Good Monday morning Caps fans, and a happy May to you all to boot. It finally feels like springtime here and hopefully the flowers (but not the showers) are in full bloom by you.
It was a quiet weekend for the senior team, without a match and all, but that meant more time to focus on the Thundercaps 2.0, who picked up another win in MLS NEXT Pro play, and I actually had time to catch part of it.
If the struggles of the first team have got you down, well, I would encourage you to spend some time watching the reserves, as the matches are easy to tune into and there is a bit of talent that makes it worth your while to tune in.
Now, Saturday’s 2-0 win over San Jose Earthquakes II is a bit different, as three members of the first team dropped down to the reserves to take part, owing to the off-week. Pedro Vite even banged in a lovely goal to seal the match away in stoppage time, something that will hopefully give him a bit of confidence when the real matches resume again next weekend.
But the actual regulars on the WFC2 side have done pretty well for themselves also. If you haven’t, I’d encourage you to read Caleb’s breakdown of the trendlines for the young players as there are absolutely some guys there who should have a chance at breaking into the first team this season.
Emiliano Brienza grabbed his second goal of the season last week against Sporting KC II and has been a pretty consistent attacking threat. If the first team needs to move on from Tosaint Ricketts as a late match sub, Brienza seems like a guy who has done a lot with his time in the reserves.
Both Matteo and Cristian Campagna are guys who have gotten first team looks in the past and both have similarly impressed. Cristian Campagna in particular seems like he has done well with all the things the senior side asks its centerbacks to do — cut out crosses, clog up the middle and generally make life difficult for the opposition in and around the penalty area. It is not inconceivable that injuries and suspensions could see both of those guys get the call to the senior team.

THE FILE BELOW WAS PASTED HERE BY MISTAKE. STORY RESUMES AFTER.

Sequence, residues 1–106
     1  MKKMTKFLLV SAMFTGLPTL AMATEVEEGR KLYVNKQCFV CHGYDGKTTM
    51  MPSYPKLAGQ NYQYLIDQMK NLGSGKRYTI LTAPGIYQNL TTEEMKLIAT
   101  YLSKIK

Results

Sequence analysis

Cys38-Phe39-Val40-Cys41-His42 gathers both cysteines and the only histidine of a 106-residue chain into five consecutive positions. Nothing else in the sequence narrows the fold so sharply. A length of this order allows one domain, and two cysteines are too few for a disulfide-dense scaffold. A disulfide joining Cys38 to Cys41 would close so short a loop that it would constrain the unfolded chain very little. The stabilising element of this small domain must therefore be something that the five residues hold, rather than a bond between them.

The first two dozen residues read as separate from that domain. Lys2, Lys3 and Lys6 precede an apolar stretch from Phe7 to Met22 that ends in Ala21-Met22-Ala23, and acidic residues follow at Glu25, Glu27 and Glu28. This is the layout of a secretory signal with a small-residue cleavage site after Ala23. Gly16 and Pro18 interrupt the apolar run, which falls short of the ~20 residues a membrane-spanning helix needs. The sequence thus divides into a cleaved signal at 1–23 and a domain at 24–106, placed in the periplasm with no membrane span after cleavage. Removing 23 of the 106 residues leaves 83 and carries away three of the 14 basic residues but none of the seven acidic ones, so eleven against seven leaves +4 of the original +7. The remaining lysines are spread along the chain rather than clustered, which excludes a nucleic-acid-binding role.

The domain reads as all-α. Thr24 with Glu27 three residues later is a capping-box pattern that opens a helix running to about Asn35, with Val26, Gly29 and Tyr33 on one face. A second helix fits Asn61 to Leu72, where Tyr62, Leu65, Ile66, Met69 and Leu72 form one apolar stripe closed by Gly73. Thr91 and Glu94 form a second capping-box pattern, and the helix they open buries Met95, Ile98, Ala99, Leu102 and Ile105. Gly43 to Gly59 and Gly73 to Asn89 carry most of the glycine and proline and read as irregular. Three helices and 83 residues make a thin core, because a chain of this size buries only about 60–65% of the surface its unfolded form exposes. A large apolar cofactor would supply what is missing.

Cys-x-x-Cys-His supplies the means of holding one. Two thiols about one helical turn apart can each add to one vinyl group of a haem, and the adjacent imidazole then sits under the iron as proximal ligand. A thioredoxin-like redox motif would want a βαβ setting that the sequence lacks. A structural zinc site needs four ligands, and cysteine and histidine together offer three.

I don’t have to wax poetic about Ali Ahmed here, as I think most Caps fans are on the same page about his quality. The one upside of a messy start to the season was seeing Ahmed make his debut, where he looked generally confident and not out-of-place — confidence forged, no doubt, from a strong start to the season in the reserves and the general certainty in life that comes from being 21 years of age. Given some of the questions that have been asked about the wingback situation, one would hope Ahmed keeps getting crucial exposure to the first team.
Indeed, a player like Ahmed is why it is so vital to have the reserve league, or some form of organized developmental system for younger players. Being able to have a guy with a foot in both worlds is a marked improvement for development, rather than having to search for a loan deal (which Ahmed might well need at some point) at a USL or CPL side that might not be a good fit or else risk a young player languishing in the youth setup.
Stagnation of homegrown players has become a regular complaint of the fan base and rightfully so. For those who are “glass half full” kind of people, a promising start for the Thundercaps (yeah, I know they play somewhere else now but old habits die hard) is perhaps a sign that the cupboard is not bare and there are some guys who could make a first team impact, potentially even later this season.
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